Having ended my last missive with our arrival in Perth, we since traversed the country from the west coast back to the east to spend time with Will, Nicky and Caden in Sydney. What a blessing and a joy it has been too. So this time we’ve been focussing more on people than places – although there’s still been a fair share of those too!
Frolicking in Freo
No, this is not us regressing to some 60s hippy state, but rather soaking up the delights of time spent in Fremantle (Freo to the locals) and in particular North Freo as this is where Tim’s old school friend, Ray, and his good wife Sally live and they were kind enough to give us the opportunity to have a couple of nights out of Bob and stretch our limbs a bit. Reunions can be strange affairs as I understand it. I have to confess that I have never attended a school reunion and I can’t say that I have any desire to either. Not because I wouldn’t like to see people from those days, but to be honest, I wasn’t a great fan of school and so it would feel a bit hypocritical of me to make the effort to go back there. I have kept in touch with a couple of lovelies, but having moved away from the home town for such a long time, it’s not so easy. Well, or so I’d convinced myself. Tim, on the other hand, puts me to shame a bit. He was schooled down in Ramsgate at boarding school as his father was in the army overseas. This was the case with a number of the boys there so it would be easy to see how strong ties could be forged in such close confines over long periods. When he left boarding school, however, it was no surprise that those same boys woud soon scatter to the far winds. Two of said friends actually ended up, in their late teens, working their passage to Australia and live there still. Now we are talking 52 odd years since that parting of the ways, and there’s been no face-to-face contact since so imagine how significant and amazing it was for us to be so kindly invited to have a sleep over! It was if the years just melted away and there was such a lot for the two ‘boys’ to catch up on. What’s more, the other friend was in touch at least electronically with Ray and so Tim was able to catch up with John too. Very emotional and such a fantastic thing to do whilst the opportunity was there – this is what, for me, travelling is all about. Making connections. So, note to self: reunions are not everyone’s cup of tea, but can be quite a powerful experience and not one to be missed. There, sort yourself out girl.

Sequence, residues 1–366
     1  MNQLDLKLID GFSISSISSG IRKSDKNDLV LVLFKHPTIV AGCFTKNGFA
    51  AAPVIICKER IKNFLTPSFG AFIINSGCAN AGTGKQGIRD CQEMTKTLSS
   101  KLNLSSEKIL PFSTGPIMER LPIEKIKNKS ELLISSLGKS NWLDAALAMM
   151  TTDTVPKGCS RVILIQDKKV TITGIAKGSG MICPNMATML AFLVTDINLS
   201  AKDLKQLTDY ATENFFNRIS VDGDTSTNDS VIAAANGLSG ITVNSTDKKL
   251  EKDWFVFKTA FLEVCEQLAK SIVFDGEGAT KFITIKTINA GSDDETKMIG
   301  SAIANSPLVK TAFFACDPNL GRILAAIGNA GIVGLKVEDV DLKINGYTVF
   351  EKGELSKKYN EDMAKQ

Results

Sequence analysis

Anyway, back to North Freo which is a very beautiful city with lots of historical buildings and facades. We were so lucky to have Ray and Sally to show us the ropes – from a lovely stroll down to the beaches for coffee, to a car tour of the aforementioned lovely architecture to highlighting some of the more interesting historic buildngs and museums. The Round House is the oldest public building in the state of Western Australia and was opened in 1831 – just 18 months after settlement. It was built to hold anyone convicted of a crime in the settlement up until 1886. It continued to be used as a police lock-up, accommodation and store and thankfully avoided demolition in the 1920s. A beautirful old building with stunning views.
Another highlight was the Shipwrecks Museum and specifically the recontructed remains of the wreck of The Batavia was wrecked in 1629 off the coast of WA near Geraldton and excavated in the 1970s. A great reconstruction which gives a real sense of size and scale of these ships with a good collection of artefacts to illustrate its story. Well worth the visit.
The day finished off down at the harbour at the Gage Road Brewery where we enjoyed a lovely meal and a couple of drinks in a lively and engaging environment. Places always seem to be buzzing full of people of all ages enjoying their free time to the full. Love it!
What was also great is that not only was Tim’s reunion experiences like linking up with his ‘old family’, we were able to meet Ray and Sally’s family. A couple of highlights would have to be spending the morning in the company of their two grandaughters who promptly set up shop as a hairdressers and beauty salon. Grandma Sally got a very natty rainbow hair do, I had my nails painted – two different pink shades let me tell you – but the piece de resistance was Ray’s beard and Tim’s eyebrows in a natty shade of yellow and green and also pink nails (whch we all showcased on our sightseeing trip and to the restaurant and bar!)